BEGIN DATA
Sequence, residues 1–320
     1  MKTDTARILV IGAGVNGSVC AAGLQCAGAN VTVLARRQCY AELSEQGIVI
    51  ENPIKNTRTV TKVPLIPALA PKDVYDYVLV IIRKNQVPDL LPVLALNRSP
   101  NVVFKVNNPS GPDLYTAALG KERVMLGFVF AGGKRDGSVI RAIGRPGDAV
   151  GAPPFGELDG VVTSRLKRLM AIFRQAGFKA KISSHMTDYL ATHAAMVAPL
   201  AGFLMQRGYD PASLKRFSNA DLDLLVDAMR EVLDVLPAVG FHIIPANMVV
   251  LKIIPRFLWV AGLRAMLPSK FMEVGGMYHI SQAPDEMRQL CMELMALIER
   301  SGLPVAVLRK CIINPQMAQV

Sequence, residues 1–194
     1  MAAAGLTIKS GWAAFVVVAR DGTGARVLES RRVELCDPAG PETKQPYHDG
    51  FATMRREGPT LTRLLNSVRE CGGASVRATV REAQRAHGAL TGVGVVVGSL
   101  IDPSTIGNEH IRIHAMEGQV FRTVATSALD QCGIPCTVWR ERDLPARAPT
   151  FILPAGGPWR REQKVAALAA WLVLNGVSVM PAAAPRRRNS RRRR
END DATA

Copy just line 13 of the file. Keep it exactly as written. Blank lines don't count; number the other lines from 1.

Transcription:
   151  FILPAGGPWR REQKVAALAA WLVLNGVSVM PAAAPRRRNS RRRR